You can get a good sense of who I am and the type of work I do by going through my CV, and taking a look at a few articles--particularly if there are some in your area of interest--before we chat. Additionally, there may be some questions to ask yourself about why you want me to be on your committee and what role you see me serving prior to our chat.

What is your primary research interest and how does it intersect with mine?
What are you curious about studying? More than a broad technology (e.g., "social media") or area (e.g., "interpersonal communication), what are you particularly interested in exploring? It may be a particular theory, communication phenomenon, application of communication, or problem/issue you've seen. Consider how you think that interest may relate to my scholarship.

What do you see me doing in your committee, and why?
What is your goal or desire for my involvement? What contribution do you see me bringing to the table? What are your goals for us working together?

What would the ideal committee member do for you?
What are you looking for from me? Do you need someone to bounce ideas off of? To complement strengths from the rest of your committee? To serve as a guide to the "hidden curriculum" of graduate studies? Think about what your goals are and how I may be able to help you achieve them.

Are you self-motivated and independently driven?
I work with my students in almost whatever capacity they need; but ultimately the thesis (and, to a lesser degree, Master's degree) is driven by the students. If you need biweekly meetings to keep you accountable, I'm happy to do that. If you would benefit from sending me outlines or paragraphs to read and iteratively assemble, I can do that. I'm certainly here to provide a safety net and support system to let you achieve your potential. However, be aware I do not micromanage, and ultimately it is up to you to manage workflows and deadlines. Let me know if there are concerns or problems, but if you need daily check-ins or a constant steering hand, other faculty members may be more complementary.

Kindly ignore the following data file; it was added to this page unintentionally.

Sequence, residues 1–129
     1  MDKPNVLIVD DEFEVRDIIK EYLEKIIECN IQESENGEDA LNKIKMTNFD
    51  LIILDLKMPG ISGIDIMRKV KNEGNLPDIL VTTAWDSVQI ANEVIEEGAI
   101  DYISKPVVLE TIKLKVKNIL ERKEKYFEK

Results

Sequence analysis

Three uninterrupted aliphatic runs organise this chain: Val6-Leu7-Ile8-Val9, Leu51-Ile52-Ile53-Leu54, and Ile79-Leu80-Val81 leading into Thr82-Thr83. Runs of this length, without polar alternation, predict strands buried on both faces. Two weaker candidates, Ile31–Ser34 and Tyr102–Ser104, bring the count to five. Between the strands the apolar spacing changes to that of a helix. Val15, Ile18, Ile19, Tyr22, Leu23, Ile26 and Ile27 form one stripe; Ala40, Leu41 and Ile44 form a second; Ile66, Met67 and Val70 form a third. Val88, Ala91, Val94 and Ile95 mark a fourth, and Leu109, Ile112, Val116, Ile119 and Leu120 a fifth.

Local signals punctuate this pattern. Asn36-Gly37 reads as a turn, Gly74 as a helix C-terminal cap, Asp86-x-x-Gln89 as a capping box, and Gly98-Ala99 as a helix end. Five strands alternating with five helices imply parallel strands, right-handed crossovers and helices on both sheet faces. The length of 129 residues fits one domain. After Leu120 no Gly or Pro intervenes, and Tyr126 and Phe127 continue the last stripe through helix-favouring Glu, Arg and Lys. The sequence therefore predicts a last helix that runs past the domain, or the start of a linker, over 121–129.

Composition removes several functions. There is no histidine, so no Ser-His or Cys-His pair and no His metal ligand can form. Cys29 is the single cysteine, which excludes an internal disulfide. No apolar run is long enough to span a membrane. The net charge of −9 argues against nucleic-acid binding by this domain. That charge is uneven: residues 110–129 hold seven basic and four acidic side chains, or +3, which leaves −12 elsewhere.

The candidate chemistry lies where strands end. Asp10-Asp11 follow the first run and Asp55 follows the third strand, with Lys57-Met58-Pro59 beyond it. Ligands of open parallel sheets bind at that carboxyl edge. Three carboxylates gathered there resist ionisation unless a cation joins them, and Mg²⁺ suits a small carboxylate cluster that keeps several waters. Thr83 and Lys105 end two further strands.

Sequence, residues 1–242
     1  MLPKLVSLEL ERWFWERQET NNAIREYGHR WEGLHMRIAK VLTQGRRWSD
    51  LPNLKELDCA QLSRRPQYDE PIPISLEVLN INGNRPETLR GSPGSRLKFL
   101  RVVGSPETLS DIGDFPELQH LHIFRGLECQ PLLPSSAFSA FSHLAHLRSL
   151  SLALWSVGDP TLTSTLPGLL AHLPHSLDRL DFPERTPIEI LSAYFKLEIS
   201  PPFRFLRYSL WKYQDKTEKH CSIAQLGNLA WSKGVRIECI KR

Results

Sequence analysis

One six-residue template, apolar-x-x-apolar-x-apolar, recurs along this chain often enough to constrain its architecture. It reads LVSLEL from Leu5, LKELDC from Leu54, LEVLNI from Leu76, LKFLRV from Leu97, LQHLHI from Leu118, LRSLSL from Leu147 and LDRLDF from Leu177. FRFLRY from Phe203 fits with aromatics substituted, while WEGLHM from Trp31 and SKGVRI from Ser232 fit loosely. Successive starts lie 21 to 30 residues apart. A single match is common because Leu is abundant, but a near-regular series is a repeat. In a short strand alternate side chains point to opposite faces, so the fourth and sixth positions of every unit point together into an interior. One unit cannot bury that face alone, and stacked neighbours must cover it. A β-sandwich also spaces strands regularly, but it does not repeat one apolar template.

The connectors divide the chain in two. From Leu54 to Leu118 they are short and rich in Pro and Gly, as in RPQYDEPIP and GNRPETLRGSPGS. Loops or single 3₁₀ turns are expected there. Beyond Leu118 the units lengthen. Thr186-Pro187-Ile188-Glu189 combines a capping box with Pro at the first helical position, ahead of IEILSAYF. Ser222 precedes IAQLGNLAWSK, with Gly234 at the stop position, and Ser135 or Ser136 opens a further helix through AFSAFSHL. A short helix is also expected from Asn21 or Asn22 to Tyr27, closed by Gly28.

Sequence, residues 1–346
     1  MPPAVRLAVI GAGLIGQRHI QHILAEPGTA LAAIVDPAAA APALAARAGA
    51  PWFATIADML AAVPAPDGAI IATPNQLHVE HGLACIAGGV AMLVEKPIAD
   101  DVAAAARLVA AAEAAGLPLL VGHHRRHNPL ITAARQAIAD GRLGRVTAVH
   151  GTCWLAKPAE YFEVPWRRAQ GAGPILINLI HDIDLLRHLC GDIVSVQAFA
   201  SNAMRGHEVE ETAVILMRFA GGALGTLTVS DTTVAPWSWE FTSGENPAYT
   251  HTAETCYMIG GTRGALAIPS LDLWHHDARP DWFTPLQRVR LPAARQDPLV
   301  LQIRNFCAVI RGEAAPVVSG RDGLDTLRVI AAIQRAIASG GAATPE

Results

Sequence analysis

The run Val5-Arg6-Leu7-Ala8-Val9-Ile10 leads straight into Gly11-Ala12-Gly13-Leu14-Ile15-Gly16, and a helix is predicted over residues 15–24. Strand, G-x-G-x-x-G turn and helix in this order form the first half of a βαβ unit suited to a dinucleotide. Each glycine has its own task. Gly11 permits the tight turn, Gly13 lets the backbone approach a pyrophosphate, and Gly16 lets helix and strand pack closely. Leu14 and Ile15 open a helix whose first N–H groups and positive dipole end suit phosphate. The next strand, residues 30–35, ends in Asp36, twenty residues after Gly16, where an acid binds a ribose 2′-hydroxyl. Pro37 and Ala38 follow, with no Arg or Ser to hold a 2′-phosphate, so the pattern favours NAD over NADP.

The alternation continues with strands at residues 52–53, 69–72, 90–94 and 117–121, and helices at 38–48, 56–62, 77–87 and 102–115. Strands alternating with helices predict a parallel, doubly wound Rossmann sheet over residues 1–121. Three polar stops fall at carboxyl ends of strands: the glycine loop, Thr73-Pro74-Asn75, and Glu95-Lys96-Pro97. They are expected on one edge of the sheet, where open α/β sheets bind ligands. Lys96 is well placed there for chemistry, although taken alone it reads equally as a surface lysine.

Do you want to do a thesis, 39-hour option, or documentary?
I primarily work with theses. I have no documentary knowledge or experience. I can often serve as a second committee member on 39-hour options; but my strengths lay in conducting and guiding original scholarship and research. To that end, I do not often work with 39-hour options.



Concluding Thoughts

As a graduate faculty member, I seek to draw out the best of what my graduate students are capable. This does not mean the best that you think you are capable of; but rather the potential that I see inside of you. While I do not take myself terribly seriously, I take my work and my students very seriously; and strive to put into your studies as much as you do. I want to foster an environment for smart, clever scholars to grow as social scientists, engage in the communication discipline with their peers, and nurture their burgeoning scholarship. For those who seek such an environment, I'm eager to meet and chat with you more.


Caleb T. Carr, Ph.D.
School of Communication, Illinois State University



This page was inspired and heavily influenced by a similar open letter from Dr. Elizabeth S. Parks.